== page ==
Turicentro, S.A. v. American Airlines Inc.

Decision Date09 September 2002
Docket NumberNo. 01-3135.,01-3135.
Citation303 F.3d 293
PartiesTURICENTRO, S.A.; Centro America Travel Agencie, Ltd; Negocios Globo, S.A.; Fronteras Del Aire, S.A., on Behalf of Themselves and All Those Similarly Situated, Appellants v. AMERICAN AIRLINES INC.; Continental Airlines Inc.; Delta Airlines Inc.; International Air Transport Association; United Airlines Inc.
CourtU.S. Court of Appeals — Third Circuit

Robert J. LaRocca (Argued), Kohn, Swift & Graf, Philadelphia, PA, for Appellants.

George G. Gordon (Argued), Jennifer R. Clarke, Dechert, Price & Rhoads, Philadelphia, PA, for Appellee, American Airlines, Inc.

Ann T. Field, Cozen & O'Connor, The Atrium, Philadelphia, PA, for Appellee, Continental Airlines, Inc. Francis P. Newell, Montgomery, McCracken, Walker & Rhoads, Philadelphia, PA, for Appellee, Delta Airlines, Inc.

Bert W. Rein (Argued), John B. Wyss, Wiley, Rein & Fielding, Washington, DC, Bruce P. Merenstein, Schnader, Harrison, Segal & Lewis, Philadelphia, PA, for Appellee, International Air Transport Association.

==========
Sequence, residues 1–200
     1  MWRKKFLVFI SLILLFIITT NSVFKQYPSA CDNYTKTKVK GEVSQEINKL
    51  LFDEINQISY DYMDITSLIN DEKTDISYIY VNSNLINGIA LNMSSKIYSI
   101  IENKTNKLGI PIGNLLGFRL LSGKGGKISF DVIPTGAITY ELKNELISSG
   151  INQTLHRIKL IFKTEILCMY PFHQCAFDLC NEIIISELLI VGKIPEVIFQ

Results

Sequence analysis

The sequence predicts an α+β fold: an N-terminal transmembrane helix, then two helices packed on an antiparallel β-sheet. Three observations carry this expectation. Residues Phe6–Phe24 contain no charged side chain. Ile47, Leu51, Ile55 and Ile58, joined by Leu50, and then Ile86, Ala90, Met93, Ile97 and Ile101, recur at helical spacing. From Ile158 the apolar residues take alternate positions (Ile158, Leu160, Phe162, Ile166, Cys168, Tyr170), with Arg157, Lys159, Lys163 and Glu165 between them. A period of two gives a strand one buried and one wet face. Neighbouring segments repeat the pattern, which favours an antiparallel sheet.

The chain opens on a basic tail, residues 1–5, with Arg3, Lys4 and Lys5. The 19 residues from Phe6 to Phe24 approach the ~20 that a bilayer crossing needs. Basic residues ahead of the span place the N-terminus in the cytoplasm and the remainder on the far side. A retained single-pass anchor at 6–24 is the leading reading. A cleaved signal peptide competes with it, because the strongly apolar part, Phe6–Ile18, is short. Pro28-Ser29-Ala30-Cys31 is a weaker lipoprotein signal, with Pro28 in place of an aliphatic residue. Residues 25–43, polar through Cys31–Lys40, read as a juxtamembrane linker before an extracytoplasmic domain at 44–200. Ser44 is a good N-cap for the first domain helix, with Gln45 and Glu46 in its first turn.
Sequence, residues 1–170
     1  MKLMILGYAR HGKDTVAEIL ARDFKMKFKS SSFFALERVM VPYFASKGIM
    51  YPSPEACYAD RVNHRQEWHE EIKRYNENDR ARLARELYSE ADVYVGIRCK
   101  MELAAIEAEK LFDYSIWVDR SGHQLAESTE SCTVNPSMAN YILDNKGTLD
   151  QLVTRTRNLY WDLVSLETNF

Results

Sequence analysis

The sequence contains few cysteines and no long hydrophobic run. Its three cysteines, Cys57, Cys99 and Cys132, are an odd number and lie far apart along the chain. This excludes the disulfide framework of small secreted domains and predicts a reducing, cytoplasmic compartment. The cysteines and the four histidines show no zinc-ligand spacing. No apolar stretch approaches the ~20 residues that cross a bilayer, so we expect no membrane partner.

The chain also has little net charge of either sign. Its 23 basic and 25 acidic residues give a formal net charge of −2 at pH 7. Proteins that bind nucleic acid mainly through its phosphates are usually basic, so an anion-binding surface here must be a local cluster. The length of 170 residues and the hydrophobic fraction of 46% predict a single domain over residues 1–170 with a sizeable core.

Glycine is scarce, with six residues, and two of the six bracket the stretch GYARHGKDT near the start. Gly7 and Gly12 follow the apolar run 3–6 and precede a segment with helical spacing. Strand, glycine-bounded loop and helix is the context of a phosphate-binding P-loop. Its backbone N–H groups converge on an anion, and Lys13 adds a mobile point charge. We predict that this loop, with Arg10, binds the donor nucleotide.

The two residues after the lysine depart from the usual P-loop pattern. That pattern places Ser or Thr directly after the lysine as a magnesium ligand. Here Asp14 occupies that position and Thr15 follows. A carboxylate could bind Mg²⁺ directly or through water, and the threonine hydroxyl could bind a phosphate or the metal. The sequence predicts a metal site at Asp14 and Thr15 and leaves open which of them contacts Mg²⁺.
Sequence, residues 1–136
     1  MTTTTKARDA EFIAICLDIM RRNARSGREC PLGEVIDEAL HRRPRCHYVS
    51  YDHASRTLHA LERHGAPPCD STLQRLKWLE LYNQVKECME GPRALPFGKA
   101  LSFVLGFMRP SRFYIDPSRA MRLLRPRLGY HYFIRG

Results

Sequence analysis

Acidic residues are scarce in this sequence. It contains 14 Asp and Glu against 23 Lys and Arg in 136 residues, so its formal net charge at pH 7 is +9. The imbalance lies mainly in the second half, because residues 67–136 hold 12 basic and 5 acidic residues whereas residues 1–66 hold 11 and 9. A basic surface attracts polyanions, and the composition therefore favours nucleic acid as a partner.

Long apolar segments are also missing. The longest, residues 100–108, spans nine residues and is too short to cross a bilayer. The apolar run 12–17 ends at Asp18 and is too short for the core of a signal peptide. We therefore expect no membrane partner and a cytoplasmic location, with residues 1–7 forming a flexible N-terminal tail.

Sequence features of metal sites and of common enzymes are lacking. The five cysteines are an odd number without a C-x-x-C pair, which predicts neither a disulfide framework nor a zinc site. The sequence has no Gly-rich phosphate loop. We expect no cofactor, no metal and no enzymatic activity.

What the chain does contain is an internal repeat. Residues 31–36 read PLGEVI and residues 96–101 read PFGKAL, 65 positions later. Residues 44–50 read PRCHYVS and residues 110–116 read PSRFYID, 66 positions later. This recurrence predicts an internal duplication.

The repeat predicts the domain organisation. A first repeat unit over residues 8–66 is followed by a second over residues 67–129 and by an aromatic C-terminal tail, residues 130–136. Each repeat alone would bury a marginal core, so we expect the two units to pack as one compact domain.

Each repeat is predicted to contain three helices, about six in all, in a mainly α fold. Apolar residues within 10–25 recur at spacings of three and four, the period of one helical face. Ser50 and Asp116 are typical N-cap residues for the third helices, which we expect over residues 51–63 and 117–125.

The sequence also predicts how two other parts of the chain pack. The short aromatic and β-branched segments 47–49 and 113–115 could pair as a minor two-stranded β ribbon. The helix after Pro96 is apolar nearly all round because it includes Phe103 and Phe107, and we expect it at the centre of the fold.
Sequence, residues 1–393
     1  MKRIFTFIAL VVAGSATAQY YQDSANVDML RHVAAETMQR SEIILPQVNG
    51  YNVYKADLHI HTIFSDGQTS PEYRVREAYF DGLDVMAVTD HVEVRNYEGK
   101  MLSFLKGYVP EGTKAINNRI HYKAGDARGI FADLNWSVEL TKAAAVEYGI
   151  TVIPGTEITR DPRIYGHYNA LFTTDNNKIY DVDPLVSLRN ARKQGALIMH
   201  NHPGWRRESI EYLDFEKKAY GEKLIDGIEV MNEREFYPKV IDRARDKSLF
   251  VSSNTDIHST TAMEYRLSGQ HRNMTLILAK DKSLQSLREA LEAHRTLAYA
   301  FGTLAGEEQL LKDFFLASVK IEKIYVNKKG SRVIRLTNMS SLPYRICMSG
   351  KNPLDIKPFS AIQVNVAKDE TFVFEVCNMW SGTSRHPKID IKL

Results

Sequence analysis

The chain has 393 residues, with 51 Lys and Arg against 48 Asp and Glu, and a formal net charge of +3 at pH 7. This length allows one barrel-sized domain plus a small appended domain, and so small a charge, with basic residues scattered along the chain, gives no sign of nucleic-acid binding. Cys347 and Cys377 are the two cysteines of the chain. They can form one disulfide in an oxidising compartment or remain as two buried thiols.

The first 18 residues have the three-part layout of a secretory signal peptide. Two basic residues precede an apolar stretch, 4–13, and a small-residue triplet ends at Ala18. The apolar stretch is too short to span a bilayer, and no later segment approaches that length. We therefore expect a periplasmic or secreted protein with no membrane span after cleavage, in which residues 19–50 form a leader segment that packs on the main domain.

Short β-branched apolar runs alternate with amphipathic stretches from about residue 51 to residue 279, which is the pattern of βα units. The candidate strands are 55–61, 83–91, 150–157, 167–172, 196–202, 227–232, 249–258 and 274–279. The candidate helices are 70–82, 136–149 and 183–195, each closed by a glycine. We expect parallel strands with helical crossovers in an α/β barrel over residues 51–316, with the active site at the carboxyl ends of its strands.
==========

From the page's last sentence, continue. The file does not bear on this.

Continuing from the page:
Richard J. Favretto, Mayer, Brown, Rowe & Maw, Washington, DC, for Appellee, United Airlines, Inc.

Before: SCIRICA and COWEN, Circuit Judges, and RESTANI, Judge, United States Court of International Trade.*

OPINION OF THE COURT

SCIRICA, Circuit Judge.

At issue in this proposed class action is the extraterritorial scope of the Sherman Antitrust Act and its application in this case. The putative plaintiff class comprises certain foreign travel agents located outside the United States who allege major United States air carriers and their trade association illegally conspired to lower their sales commissions. The District Court held the Foreign Trade Antitrust Improvements Act, 15 U.S.C. § 6a, deprived it of subject matter jurisdiction, barring plaintiffs' claim. We will affirm.

I.

The major United States air carriers have delegated the licensing of travel agents to their trade association, the International Air Transport Association (IATA).1 All travel agents must have an IATA license to access reservation systems of United States-based airlines. In order to make a customer reservation, a travel agent can only enter the airline's electronic system with an IATA number. The travel agent's commission is automatically computed from a database in the airline's electronic system.